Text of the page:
Current ABS braking systems are great, but they do have their disadvantages, says Jake Venter. This is especially true when you find yourself travelling on dirt
THREE MODERN SYSTEMS
ABS brakes employs wheel-speed sensors at each wheel and an electronic control unit (ECU) to sense when one or more wheels are slowing down faster than the other wheels, during braking. When the wheels are close to stopping the ECU will reduce the brake pressure at those wheels to avoid a lock-up. The relevant wheels will then speed-up, but if they speed up too much, the system will re-apply brake pressure while the driver continues to brake. This pressure cycling usually happens many times per second. These brakes often reduce stopping distances, but the major advantage is that it improves vehicle stability by preventing wheel lock-up that makes a car unstable. Most ABS systems stop working at speeds below about 12 km/h because a car is not likely to become unstable at low speed.
In 1986, a traction control system (TCS), became available. When one or more of the wheels start to rotate faster than the others the ABS wheel sensors will inform an ECU and this unit will either brake the relevant wheels or reduce engine power by drastically retarding spark timing.
A further development occurred in 1995 when ESP was introduced. This is an electronic stability package that employs ABS and TCS technology augmented by a steering wheel angle sensor plus a yaw sensor (Yaw = rotation about a vertical line) to determine when a driver is on the point of losing control during cornering. When this happens the car is either on the point of rotating clockwise or anticlockwise. The system will brake one of the wheels to counter this movement.
WHAT THE SYSTEMS HAVE TO COPE WITH
All three systems have reduced the chances of having an accident, but they’re not foolproof. The control systems have to take the following disturbances into account:
- Changes in road surface adhesion, and especially differences between the surface underneath left hand wheels compared to the surface underneath the right hand wheels, such as one often finds under off-road conditions.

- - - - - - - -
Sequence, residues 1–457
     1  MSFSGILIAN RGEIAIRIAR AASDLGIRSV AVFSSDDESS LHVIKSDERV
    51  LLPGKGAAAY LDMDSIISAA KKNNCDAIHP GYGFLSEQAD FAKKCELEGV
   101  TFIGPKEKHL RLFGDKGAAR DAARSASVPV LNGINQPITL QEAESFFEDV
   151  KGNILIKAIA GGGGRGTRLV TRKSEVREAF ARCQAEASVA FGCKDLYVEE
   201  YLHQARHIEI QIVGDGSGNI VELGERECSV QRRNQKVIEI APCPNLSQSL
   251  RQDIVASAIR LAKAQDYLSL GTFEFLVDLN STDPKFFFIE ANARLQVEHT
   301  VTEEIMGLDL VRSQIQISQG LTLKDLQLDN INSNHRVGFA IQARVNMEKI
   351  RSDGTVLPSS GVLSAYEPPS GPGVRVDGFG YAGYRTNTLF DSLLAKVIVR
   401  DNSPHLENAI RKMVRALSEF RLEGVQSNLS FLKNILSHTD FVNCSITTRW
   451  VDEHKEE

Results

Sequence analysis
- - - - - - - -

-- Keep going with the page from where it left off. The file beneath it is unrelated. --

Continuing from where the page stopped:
- Changes in wheel loading, such as occurs while cornering.
- Irregularities in the road surface, such as corrugations that may cause the wheels to vibrate.
- Out-of-round tyres or wheels.
- Differences in wheel circumference, brought on by buying fitting only two new tyres at a time, or using a new spare wheel and three worn tyres.
- Variations in brake pressure being applied by the driver. This has the potential to confuse the ABS control unit, but many new cars are fitted with a sensor that measures the brake pedal speed. If the driver moves the pedal fast, this usually implies panic braking and the system will respond by applying maximum braking power.
DISADVANTAGES OF ELECTRONIC SYSTEMS
I recently came across this statement on the site of an American road safety organisation:
There is no technology such as ABS, TCS, ESP, 4×4, diff-locks or brand new tyres that will allow safe travel on an icy road at a speed greater than 70 km/h. These features will improve a driver’s ability to control the vehicle, but do not eliminate the danger of losing control on a road with a low and varying traction coefficient.
This statement is also to large extent true of dirt roads. One can argue about the limiting speed, which could well be lower or higher than 70 km/h, depending on whether its sand or loose gravel, but the remarks are valid because dirt roads often manage to confuse these modern electronic systems. On many dirt roads, the soil can move under the wheels during braking, and this may confuse the ABS system. The brake/release cycle that works so well on a concrete or tar surface may be completely wrong, so that the brakes release for too long, or by too much. On a corrugated surface, the ABS control may be so flustered that the brakes don’t work at all. I experienced this some years ago on a double-cab bakkie.
One often finds that on some loose gravel surfaces a non-ABS system will result in shorter stopping distances, even if the wheels lock. The soil or gravel builds-up a wedge in front of the tyre and this helps to stop the vehicle, but you may lose steering control because the vehicle will follow the camber of the road. An experienced driver may be able to stop sooner by using a rally driver’s technique called cadence braking. The brakes are cycled on and off in a manual equivalent of what ABS does, but a lot slower and under full driver control.
HOW DOES THE INDUSTRY COPE WITH THE PROBLEM?
- Some of the earlier off-road vehicles were equipped with on/off switches for ABS, but this has been outlawed in some countries.
- Most ABS systems are automatically deactivated when in 4×4 mode, or when a diff-lock is applied.
- Some vehicles, such as the Mercedes-Benz M-Class, have special software that can cope with most dirt road conditions, but usually only at low speeds.
- The VW Amarok has button labelled “Offroad” that enables hill-descent control and also recalibrate the ABS system to cope with dirt roads.
- Some drivers deactivate ABS for dirt roads by removing the relevant fuse.